A co-production between Mastropiece Productions and Southpaw Pictures
Directed by Bart Mastronardi & Alan Rowe Kelly
Starring Debbie Rochon, Amy Steel, Bette Cassatt, Adrienne King, Caroline Williams, Randy Jones, Alan Rowe Kelly, Brewster McCall, Lesleh Donaldson, Desiree Gould, Cartier Williams, Joe Quick, Michael Varrati, Andrew Glaszek, David Marancik, Susan Adriensen.
I was fortunate to attend the Tales of Poe Hollywood world premiere on August 20th. Anyone who is familiar with me knows that I am a fan of Alan Rowe Kelly and Bart Mastronardi. I have appeared in two of Alan’s films and Bart worked on those films as well. And while there is a fair number of work in my past that I would like to deny, I wear my Alan Rowe Kelly day player T-shirt with pride. Having appeared in The Blood Shed and Gallery of Fear, I am very familiar with how both directors operate.
So when I heard they were going to collaborate on an anthology of Edgar Allan Poe tales, I knew immediately that something special was going to come from it. And I was 100% correct. Tales of Poe stands as the highest achievement for both Kelly and Mastronardi. The anthology film boasts quite a few familiar names to horror fans. Debbie Rochon, Caroline Williams, Amy Steel, Adrienne King and the Village People’s Randy Jones headline the film.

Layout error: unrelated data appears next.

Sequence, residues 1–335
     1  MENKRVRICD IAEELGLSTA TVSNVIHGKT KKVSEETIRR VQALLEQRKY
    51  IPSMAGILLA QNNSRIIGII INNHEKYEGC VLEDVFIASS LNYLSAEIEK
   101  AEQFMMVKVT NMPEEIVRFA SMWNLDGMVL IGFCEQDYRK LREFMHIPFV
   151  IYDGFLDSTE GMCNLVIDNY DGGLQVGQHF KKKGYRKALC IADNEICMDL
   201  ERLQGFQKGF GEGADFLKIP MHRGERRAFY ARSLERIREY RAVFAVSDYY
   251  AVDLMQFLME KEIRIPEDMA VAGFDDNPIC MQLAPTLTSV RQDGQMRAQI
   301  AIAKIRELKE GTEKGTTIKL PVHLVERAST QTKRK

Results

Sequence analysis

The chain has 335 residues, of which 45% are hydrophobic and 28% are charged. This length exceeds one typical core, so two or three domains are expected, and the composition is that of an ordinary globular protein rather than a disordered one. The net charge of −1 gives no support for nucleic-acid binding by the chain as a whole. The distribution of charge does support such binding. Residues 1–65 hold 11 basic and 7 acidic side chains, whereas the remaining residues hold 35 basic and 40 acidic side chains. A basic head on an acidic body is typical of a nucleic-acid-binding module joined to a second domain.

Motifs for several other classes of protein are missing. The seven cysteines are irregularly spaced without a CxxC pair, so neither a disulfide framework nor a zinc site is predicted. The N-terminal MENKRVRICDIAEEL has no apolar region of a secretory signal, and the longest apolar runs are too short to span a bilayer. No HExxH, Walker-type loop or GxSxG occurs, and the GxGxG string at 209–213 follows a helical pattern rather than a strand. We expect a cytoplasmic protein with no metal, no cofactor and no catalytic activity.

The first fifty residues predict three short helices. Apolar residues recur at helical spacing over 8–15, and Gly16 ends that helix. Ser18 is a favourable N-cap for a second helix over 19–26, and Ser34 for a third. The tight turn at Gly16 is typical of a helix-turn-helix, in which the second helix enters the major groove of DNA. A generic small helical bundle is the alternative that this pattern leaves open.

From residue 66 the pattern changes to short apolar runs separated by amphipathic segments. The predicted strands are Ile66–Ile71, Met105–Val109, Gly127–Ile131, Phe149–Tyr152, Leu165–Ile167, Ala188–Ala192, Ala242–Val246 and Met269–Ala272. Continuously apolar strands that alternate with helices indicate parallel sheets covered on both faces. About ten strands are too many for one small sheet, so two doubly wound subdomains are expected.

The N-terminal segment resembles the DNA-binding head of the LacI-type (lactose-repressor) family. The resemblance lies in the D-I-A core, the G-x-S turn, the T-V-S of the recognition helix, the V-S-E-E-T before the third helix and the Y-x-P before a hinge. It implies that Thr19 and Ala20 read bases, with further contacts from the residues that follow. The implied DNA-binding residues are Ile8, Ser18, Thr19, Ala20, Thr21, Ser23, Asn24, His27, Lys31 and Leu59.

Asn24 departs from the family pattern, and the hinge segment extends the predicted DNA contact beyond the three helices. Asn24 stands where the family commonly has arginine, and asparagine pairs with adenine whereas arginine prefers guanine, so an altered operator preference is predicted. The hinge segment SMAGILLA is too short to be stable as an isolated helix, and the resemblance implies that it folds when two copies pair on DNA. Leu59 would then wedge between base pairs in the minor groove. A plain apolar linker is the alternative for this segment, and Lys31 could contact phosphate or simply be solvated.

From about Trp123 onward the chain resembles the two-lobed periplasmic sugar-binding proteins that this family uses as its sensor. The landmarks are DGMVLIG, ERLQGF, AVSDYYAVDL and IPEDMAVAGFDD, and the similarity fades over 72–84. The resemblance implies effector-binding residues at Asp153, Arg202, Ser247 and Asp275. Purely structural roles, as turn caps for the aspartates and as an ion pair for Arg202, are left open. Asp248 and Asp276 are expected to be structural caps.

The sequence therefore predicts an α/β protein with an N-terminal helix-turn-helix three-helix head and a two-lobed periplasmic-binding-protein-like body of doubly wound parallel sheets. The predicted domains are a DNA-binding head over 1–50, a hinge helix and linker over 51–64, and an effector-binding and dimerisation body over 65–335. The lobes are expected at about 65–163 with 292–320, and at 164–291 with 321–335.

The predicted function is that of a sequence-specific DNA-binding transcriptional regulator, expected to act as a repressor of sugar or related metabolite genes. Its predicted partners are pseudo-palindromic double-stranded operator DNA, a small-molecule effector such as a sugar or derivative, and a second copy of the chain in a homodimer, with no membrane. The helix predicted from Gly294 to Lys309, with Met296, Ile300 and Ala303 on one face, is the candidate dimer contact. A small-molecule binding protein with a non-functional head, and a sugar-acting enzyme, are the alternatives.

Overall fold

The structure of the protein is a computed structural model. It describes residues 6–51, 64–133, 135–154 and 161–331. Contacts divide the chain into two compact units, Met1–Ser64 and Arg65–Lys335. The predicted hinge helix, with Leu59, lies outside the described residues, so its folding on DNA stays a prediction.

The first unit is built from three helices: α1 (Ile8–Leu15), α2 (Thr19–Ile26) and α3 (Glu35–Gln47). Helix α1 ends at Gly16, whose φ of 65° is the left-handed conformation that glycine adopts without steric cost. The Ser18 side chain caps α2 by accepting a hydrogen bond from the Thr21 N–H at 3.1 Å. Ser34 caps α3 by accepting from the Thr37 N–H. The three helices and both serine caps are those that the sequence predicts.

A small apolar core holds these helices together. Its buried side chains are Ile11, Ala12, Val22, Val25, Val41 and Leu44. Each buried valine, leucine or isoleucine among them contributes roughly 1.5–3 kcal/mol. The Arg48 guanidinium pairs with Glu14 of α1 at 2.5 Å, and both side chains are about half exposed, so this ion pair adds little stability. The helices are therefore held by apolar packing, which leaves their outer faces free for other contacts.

Alan Rowe Kelly also appears as two different characters. I was very pleasantly surprised to see three of Alan’s regular players: Zoe Daelman Chlanda, Susanna Adriansen and Jerry Murdock. I was a little disappointed that they had relatively minor roles (except for Zoe; she has a pretty meaty presence in The Cask).
So I’m going to start where the anthology starts: with Mastronardi’s The Tell Tale Heart. Now when I first heard this was going to be one of the stories adapted, I was hesitant. Adapting the Tell Tale Heart is akin to making another wheel, in my opinion. But Bart turns it on its ear fairly quickly with the story of a night nurse (Debbie Rochon) who cares for an ailing silent screen legend, Miss Lamarr (Alan Rowe Kelly in a perfectly cast performance). The night nurse is driven to madness and murder by the fading starlet’s sickly gaze. I love the interplay between Rochon and Lesleh Donaldson’s character of Evelyn Dyck in the sanatorium in the prologue of this tale. It is a cat and cat game between two psychopaths and you can feel the waves of malevolence coming off of it.